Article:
Today, however, a piece has caught PPT’s eye. It is a story by Avudh Panananda that discusses Jatuporn Promphan. He languishes in prison following Army-inspired charges of lese majeste associated with his speech on 10 April to a red shirt rally. The story caught our attention as it coincides with a growing fear that the Puea Thai Party may well come out on top in the election. This fear seems to signal the need for The Nation to go to campaign mode, supporting the royalist regime.

In the story, Avudh has convicted Jatuporn of crimes before any trial and joins the Army in accusing him of lese majeste. To make this point, Avudh comes up with an implausible story plot. The scribe says Jatuporn’s outspokenness “could cost both his party and the movement very dearly.”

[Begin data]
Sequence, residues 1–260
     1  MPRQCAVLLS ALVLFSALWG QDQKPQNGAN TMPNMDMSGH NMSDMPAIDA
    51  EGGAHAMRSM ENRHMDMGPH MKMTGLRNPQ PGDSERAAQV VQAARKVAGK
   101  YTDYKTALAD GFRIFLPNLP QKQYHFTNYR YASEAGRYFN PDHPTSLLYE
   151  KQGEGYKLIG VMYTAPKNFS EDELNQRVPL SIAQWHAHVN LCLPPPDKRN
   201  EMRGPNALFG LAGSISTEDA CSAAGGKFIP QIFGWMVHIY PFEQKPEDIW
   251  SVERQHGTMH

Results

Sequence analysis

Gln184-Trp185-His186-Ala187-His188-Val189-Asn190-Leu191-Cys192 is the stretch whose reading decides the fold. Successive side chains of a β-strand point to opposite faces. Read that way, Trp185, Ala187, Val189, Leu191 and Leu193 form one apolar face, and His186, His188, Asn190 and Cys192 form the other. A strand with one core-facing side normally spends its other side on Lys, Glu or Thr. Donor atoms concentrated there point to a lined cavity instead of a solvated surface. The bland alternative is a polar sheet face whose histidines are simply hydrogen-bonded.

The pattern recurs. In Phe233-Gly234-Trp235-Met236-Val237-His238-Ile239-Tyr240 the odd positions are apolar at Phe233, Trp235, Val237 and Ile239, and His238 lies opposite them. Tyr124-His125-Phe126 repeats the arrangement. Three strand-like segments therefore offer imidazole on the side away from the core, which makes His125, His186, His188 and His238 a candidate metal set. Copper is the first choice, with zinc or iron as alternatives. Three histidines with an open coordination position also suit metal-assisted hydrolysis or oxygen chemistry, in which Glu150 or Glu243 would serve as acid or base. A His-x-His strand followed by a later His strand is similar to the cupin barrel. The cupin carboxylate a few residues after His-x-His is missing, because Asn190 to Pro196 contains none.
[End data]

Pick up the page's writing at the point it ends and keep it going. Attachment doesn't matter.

PPT doesn’t see any evidence at all. In fact, recent opinion polls have Jatuporn’s Puea Thai Party ahead of the incumbent Democrat Party. We wonder if Avudh isn’t simply saying that the big bosses won’t accept a Puea Thai victory? At least that would make sense.

Jatuporn

Avudh agrees that, even in jail, Jatuporn will win. He is locked up precisely because he appeals to and is hugely popular amongst, the Puea Thai base. Despite this, Avudh says “the question is, how many voters will he repel…?” Then this: for “red shirts, Jatuporn is an iconic figure.” So what is Avudh really on about?

The point is clearer when Avudh writes of the deep hatred for Jatuporn as a mobilizer – PPT’s words. Avudh says that “many” outside the movement who have “suspicion and disdain, consider… him either a troublemaker who incites riots or a rude figure who regularly takes swipes at the country’s revered institution.”